The 42nd Annual Conference of the Society of Ethnobiology in Vancouver, B.C., May 8–11, 2019
Thank you to everyone who submitted sessions. Submissions are now closed.
While ornithologists examine birdcalls and songs within the context of ethology, ethno-ornithologists go beyond these observable behaviors to consider the relationship between birds and people in cultural context. This includes creation stories with avian heroes, myths of transformation where birds change into people or vice versa, and birds as the source of human speech. In addition, many societies believe there is bird wisdom encoded in signs, omens, and dreams, which can be interpreted by specialists. Through song and dance, calls and whistles, people and birds communicate with each other. These papers address bird talk in terms of perception, hearing and understanding on various levels, and consider which particular birds are recognized for their abilities to advise or instruct, signal changes in the environment, and warn of impending danger. In what ways have avian voices been ignored, misappropriated, or silenced?
Investigations into the cultural significance, restoration, conservation and management strategies for camas prairies is currently being conducted across a variety of disciplines. This is an exciting time for camas research, and the 2019 Society for Ethnobiology conference would provide an ideal forum to foster and encourage further discussion across these disciplines and bring the current state of camas knowledge forward.
Camas is an important plant that has the unique ability to connect people across backgrounds, cultures, research subjects, and disciplines. Management strategies incorporating traditional uses of specific species, like camas, and more broadly, the biological and cultural landscapes in which these species grow, deserve special attention. The mission of this session is to provide valuable insight into making camas-focused projects more successful, advance landscape restoration goals, and reassert cultural presence on the landscapes that we as ethnobotanists study.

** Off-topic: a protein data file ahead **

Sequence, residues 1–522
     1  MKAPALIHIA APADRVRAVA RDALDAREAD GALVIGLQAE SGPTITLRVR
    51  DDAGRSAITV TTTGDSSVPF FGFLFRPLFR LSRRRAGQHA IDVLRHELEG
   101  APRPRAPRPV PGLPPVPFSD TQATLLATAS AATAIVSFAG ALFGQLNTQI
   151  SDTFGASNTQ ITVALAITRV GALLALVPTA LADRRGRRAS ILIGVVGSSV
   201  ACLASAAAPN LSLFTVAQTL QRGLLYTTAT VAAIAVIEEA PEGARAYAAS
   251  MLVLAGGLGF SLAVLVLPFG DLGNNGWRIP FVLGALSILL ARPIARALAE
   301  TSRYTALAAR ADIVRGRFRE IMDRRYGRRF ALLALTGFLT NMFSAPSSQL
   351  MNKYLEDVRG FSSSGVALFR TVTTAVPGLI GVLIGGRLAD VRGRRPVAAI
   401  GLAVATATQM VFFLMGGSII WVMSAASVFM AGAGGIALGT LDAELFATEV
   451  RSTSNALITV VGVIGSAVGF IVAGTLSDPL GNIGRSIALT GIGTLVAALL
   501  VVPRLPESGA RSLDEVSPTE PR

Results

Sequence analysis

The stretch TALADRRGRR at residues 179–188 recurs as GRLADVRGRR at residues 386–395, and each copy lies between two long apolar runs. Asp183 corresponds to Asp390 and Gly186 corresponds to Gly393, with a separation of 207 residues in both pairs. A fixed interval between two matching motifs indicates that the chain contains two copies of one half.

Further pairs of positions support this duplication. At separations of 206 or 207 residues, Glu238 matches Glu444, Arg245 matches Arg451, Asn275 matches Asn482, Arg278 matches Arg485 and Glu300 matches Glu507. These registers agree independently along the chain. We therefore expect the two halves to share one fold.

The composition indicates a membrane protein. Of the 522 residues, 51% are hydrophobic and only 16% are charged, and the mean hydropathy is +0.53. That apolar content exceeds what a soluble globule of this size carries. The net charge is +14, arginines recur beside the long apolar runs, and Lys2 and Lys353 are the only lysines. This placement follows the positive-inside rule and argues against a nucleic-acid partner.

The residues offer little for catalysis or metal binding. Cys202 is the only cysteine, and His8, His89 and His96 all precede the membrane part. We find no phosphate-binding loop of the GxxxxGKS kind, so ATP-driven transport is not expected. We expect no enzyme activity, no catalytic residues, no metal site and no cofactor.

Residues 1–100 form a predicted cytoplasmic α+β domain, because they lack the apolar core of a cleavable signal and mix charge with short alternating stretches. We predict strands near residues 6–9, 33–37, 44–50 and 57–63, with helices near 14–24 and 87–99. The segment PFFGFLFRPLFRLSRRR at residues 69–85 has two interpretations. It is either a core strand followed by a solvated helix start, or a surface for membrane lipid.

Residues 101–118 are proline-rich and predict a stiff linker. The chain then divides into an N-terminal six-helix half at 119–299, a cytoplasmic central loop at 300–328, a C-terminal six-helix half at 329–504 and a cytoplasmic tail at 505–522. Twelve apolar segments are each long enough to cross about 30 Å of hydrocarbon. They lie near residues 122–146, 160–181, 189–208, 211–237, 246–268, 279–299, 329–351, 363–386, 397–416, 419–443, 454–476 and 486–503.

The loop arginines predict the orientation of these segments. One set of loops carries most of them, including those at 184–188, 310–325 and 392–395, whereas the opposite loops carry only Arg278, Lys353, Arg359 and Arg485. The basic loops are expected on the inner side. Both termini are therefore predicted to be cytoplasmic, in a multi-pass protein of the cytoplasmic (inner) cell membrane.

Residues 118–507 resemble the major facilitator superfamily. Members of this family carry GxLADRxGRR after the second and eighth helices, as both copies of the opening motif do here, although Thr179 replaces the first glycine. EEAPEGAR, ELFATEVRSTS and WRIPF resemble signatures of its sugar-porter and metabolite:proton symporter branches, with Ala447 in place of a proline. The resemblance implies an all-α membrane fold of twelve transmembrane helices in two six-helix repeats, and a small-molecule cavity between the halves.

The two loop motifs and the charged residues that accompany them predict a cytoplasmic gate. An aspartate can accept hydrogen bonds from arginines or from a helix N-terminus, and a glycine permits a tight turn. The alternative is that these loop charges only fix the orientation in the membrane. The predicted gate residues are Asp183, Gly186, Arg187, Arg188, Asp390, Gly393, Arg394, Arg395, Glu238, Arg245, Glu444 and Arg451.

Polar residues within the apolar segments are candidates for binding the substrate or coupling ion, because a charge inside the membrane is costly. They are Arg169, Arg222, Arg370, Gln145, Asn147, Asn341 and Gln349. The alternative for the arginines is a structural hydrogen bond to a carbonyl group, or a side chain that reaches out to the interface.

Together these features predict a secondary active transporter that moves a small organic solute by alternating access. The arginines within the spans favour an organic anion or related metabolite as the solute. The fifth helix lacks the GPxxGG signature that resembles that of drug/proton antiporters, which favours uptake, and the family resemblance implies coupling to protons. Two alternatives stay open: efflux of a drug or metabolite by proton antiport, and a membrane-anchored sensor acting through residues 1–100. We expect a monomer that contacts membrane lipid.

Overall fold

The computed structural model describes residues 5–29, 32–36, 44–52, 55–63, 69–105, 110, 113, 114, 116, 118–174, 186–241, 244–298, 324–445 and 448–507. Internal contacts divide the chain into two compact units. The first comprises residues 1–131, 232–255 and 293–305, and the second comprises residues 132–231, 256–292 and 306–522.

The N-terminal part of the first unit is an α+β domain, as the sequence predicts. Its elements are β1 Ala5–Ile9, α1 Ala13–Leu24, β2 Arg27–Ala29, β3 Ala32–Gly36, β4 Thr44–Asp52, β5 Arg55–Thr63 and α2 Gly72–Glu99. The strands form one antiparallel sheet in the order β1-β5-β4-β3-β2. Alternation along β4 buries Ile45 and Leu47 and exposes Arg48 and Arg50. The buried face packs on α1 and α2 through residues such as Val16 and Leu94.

The eeLab is an intentional space, organized in the spirit of learning with and listening to the Society of Ethnobiology’s members on ethics and advocacy topics so that we can co-construct participatory and collaborative solutions and resources. The 2019 eeLab will be an opportunity for members of the Society to come together to review and discuss revisions to a proposed new Code of Professional Conduct for the Society of Ethnobiology’s meetings. The Ethics and Advocacy Committee (EAC) has been developing a Code of Professional Conduct for Meetings that will apply to all Society gatherings, including the annual conference, board and committee meetings (both in-person and virtual), social media communiqué, and other types of official meetings. The EAC is undertaking this work as part of a movement within academia to support meeting spaces where everyone can thrive while pursuing their academic and professional goals. The EAC has drafted a Code of Professional Conduct for Meetings that will be shared with eeLab participants for feedback. The draft outlines appropriate and inappropriate behaviours for attendees of Society meetings. The format for the eeLab will include an introduction to professional codes of conduct for meetings, breakout groups to focus on specific tasks and questions, and a reconvening of the whole group to share feedback that will guide the finalization of the new Code of Professional Conduct for Meetings. EAC members will serve as moderators, small-group leads and attentive listeners. A revised version of the Code of Professional Conduct for Meetings will be brought to members for adoption in the weeks following the eeLab.